I spent a total of 452 hours in the UK. For 400 of those it rained. Or was blowing a gale. Or was covered in slate grey cloud. Or was just downright miserable.
I know what you’re thinking. ‘Oh and France is so damn great is it?’
Well actually no. From all accounts the weather was pretty lousy here as well. England felt tired though. Needy. Like an old man sitting in a plywood box care home waiting for the nurse to arrive with yet another sugar coated pill to make him feel better. I wanted to get out my paint box and daub it with colour. Speckle it with silver and blue. Whitewash the grey areas. Varnish the roads. Gloss over the chain stores and the closed down shops. Give a circus style veneer to all the road signs to make them look more like lollypops rather than red letter warnings of impending doom.
Apart from that though, it was great. The ale was on free flow, the football season started (I went to see my local team Chesterfield lose 0 – 1), the fish and chips were fantastic, the steak pies delicious, the company top notch. All that was missing was some sunshine. Then I’m sure my country would look glorious again.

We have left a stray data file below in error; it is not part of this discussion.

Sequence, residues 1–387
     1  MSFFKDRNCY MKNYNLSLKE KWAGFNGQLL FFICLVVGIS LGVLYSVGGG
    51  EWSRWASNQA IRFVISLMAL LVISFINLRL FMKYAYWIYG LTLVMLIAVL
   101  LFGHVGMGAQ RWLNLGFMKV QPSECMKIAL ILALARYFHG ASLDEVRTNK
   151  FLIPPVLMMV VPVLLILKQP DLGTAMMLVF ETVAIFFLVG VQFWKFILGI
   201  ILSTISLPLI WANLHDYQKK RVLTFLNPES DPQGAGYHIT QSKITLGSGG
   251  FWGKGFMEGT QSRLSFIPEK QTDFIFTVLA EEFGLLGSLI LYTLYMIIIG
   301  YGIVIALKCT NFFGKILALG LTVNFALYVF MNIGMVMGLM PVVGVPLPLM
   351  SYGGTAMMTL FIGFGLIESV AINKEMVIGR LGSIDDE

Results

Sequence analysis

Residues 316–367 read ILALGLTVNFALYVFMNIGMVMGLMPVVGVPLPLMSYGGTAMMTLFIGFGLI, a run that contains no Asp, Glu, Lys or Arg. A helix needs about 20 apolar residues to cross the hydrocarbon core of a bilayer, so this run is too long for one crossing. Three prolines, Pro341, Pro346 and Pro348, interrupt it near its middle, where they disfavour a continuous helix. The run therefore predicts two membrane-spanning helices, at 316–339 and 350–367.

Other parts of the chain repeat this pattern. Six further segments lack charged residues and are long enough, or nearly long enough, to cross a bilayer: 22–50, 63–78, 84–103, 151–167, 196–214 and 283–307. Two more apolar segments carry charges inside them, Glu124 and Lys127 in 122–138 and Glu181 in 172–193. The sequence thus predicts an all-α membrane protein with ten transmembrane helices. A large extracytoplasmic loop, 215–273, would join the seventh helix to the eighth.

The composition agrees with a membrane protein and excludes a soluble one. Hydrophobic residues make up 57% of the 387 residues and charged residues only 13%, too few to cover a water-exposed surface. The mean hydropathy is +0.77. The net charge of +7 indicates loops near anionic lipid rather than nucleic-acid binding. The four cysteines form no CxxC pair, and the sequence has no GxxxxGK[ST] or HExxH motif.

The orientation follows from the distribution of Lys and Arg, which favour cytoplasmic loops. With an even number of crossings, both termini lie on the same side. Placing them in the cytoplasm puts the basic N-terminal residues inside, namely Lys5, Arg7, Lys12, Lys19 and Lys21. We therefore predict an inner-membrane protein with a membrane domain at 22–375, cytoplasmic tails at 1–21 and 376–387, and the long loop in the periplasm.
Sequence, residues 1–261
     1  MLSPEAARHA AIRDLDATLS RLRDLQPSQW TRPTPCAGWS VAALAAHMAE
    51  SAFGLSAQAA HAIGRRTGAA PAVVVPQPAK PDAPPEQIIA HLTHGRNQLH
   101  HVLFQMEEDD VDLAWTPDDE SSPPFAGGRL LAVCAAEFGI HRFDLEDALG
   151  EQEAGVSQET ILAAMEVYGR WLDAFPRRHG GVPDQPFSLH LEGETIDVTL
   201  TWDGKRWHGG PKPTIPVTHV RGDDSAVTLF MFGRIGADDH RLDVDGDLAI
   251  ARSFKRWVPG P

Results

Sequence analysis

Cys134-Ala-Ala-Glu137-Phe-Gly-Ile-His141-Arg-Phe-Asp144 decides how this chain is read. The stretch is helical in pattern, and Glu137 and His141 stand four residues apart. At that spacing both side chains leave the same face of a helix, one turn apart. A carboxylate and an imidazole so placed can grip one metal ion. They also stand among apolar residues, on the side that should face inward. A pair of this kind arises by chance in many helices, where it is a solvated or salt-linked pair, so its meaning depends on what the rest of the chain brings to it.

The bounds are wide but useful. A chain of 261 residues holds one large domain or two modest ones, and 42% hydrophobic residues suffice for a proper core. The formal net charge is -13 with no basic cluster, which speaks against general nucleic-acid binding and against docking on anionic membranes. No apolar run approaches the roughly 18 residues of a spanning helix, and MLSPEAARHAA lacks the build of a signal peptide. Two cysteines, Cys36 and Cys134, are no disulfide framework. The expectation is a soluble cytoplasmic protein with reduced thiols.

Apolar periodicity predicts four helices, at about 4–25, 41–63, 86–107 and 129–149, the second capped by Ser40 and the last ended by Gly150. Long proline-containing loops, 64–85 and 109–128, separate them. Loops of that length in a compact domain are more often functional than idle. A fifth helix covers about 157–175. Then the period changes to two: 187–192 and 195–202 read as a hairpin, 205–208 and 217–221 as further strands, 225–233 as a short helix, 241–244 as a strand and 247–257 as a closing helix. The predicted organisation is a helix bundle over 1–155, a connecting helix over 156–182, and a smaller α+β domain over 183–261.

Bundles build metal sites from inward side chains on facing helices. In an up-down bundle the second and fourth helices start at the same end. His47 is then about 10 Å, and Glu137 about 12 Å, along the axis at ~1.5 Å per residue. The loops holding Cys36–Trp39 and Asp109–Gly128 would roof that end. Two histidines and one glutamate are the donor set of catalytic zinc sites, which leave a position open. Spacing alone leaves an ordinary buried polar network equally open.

I did what I set out to do. I saw family and friends. I ate well. I drank well. I saw Derbyshire. I ate a stodgy pasty. I saw some football. I connected and then I came back to Queaux. Back to open space, silence, nature, solitude, peace and quiet. Back to the writing, which is what I’ve missed the most. Sitting alone in total silence at my desk. Gazing at the elderberry trees that line the stony track that leads down to the river. The cows snacking on clover and burdock in the fields to the right of me. For four weeks more at least before I head to Bordeaux.
I see my life as a long drawn out Tour De France. I reach the top of one hill, enjoy the view, and then cruise down the other side before ascending the next. And so on.
At the moment I’m at the riverside café in the valley in-between the two peaks gorging on toasted sandwiches, syrupy pancakes, red wine and tarragon fried chicken before I launch myself up the pass to the summit finish at Bordeaux.
The Tour De France typically has twenty stages. My race started in Durham on 3rd May 1974 before heading to Leeds, Chester, Belper, Chesterfield, Provence, Bracknell, Nottingham, Warsaw, Granada, Plymouth, Salamanca, Exeter, Falmouth, Bristol, Lyon and Queaux.
Bordeaux will be stage 18. So there’s two left. And the last stage of the Tour de France is always Paris. So stage 19 could be a difficult choice. I might be some time in Bordeaux thinking about it. Where to go for a final fling before the road snakes back to Paris and a yellow jersey.